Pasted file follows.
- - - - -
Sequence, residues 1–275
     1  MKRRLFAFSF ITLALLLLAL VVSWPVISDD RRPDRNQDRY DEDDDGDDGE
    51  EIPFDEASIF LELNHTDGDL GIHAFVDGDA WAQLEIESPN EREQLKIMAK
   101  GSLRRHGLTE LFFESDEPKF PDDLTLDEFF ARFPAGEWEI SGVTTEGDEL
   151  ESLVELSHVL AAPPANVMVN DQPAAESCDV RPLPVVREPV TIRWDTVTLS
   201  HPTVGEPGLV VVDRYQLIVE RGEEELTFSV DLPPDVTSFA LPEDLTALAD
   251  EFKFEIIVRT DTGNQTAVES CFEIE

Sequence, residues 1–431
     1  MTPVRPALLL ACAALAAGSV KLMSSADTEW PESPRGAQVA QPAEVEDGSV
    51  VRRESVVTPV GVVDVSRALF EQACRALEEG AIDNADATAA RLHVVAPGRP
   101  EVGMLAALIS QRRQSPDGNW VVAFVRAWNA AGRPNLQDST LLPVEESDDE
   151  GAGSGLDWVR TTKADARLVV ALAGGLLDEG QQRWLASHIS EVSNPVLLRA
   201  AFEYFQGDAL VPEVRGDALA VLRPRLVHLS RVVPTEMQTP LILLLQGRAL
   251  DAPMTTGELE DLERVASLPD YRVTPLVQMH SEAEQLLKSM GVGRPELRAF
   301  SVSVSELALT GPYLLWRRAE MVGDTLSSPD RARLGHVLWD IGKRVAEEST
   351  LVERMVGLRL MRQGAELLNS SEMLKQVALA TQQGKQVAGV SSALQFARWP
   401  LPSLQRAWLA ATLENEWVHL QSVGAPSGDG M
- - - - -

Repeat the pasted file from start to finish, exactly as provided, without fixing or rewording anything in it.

Sequence, residues 1–275
     1  MKRRLFAFSF ITLALLLLAL VVSWPVISDD RRPDRNQDRY DEDDDGDDGE
    51  EIPFDEASIF LELNHTDGDL GIHAFVDGDA WAQLEIESPN EREQLKIMAK
   101  GSLRRHGLTE LFFESDEPKF PDDLTLDEFF ARFPAGEWEI SGVTTEGDEL
   151  ESLVELSHVL AAPPANVMVN DQPAAESCDV RPLPVVREPV TIRWDTVTLS
   201  HPTVGEPGLV VVDRYQLIVE RGEEELTFSV DLPPDVTSFA LPEDLTALAD
   251  EFKFEIIVRT DTGNQTAVES CFEIE

Sequence, residues 1–431
     1  MTPVRPALLL ACAALAAGSV KLMSSADTEW PESPRGAQVA QPAEVEDGSV
    51  VRRESVVTPV GVVDVSRALF EQACRALEEG AIDNADATAA RLHVVAPGRP
   101  EVGMLAALIS QRRQSPDGNW VVAFVRAWNA AGRPNLQDST LLPVEESDDE
   151  GAGSGLDWVR TTKADARLVV ALAGGLLDEG QQRWLASHIS EVSNPVLLRA
   201  AFEYFQGDAL VPEVRGDALA VLRPRLVHLS RVVPTEMQTP LILLLQGRAL
   251  DAPMTTGELE DLERVASLPD YRVTPLVQMH SEAEQLLKSM GVGRPELRAF
   301  SVSVSELALT GPYLLWRRAE MVGDTLSSPD RARLGHVLWD IGKRVAEEST
   351  LVERMVGLRL MRQGAELLNS SEMLKQVALA TQQGKQVAGV SSALQFARWP
   401  LPSLQRAWLA ATLENEWVHL QSVGAPSGDG M